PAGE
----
Air Pollution Tied to Breast Cancer Development
That destructive smog that rises from our nations factories not only compromises the quality of our atmosphere, but also wreaks havoc on our health. Both long and short-term impacts of air pollution exposure have been reported. Among these include such things as upper respiratory infections, allergic reactions, bronchitis, heart disease, damage to nerves, kidneys and liver. What’s more, research is showing that air pollution could be the cause of DNA alternations in women, thereby increasing breast cancer risk.
Air Pollution When Born
Scientists at the University of Buffalo fear that this DNA alteration may be responsible for premenopausal breast cancer. Study results indicated that women with breast cancer who resided in areas with elevated toxic air pollution had a greater chance of having alterations in their tumor DNA than women who had not been exposed.
Reported from the University of Buffalo, “the findings indicated that higher air pollution exposure at birth may alter DNA methylation, which may increase levels of E-cadherin, a protein important to the adhesion of cells, a function that plays an essential role in maintaining a stable cellular environment and assuring healthy tissues.”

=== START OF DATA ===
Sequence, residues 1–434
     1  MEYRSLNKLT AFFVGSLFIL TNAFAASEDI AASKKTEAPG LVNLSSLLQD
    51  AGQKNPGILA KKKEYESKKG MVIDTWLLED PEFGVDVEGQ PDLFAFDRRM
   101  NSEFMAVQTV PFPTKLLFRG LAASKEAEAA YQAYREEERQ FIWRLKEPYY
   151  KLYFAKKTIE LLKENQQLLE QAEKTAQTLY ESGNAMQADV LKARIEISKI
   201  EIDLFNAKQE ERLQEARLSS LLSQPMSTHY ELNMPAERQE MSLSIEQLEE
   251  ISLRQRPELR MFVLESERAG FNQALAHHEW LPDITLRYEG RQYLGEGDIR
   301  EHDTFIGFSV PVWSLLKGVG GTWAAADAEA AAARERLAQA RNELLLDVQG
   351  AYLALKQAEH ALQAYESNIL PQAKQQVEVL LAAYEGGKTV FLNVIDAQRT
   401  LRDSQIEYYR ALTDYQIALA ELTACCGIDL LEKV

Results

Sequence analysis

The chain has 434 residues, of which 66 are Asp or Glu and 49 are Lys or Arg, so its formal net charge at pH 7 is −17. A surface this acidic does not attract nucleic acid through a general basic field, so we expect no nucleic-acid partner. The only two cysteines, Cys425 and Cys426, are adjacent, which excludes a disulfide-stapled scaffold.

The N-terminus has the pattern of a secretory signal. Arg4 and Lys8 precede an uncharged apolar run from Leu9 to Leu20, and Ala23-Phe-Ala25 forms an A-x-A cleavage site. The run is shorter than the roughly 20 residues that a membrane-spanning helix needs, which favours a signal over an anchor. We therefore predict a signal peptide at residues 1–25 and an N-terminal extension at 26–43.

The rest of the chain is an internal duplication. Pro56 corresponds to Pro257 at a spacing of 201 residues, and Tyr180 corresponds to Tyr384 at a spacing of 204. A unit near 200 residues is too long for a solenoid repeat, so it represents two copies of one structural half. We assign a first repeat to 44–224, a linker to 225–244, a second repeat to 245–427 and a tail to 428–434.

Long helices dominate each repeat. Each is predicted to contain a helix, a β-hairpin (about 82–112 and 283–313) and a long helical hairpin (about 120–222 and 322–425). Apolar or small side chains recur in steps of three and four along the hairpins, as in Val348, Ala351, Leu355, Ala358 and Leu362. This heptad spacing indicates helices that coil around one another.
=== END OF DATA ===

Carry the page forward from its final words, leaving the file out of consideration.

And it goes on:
When information from the Western New York Exposures and Breast Cancer study was reviewed, a number of interesting links were found. Two groups of women participated in the study, one group who had recently been diagnosed with caner and one group who was healthy. Both groups of participants had lived in the same two counties between 1996 and 2001.
Three key times in the women’s lives were investigated, including residence at the time of birth, time of menstruation, and time of the birth of their first child.
“Research also demonstrated that women who were exposed to increased levels of air pollution at the time they birthed their first child had a greater likelihood of having alterations in a gene known at p16, than unexposed women. The p16 gene is responsible for tumor suppression.”
Interestingly, outdoor pollution may not be the primary culprit in all cases. Even with all of the outside air pollution, it is the indoor air pollution that is causing roughly 50% of illnesses globally, including breast cancer. Things such as carpets, detergents, dust, disinfectants, asbestos, paint, air fresheners, and mites are all contributing to the development of disease. It is important to be aware of both outdoor and indoor pollution.
More Research Necessary
These research findings have sparked a desire for further studies into the matters of exposure to air pollution and breast cancer risk.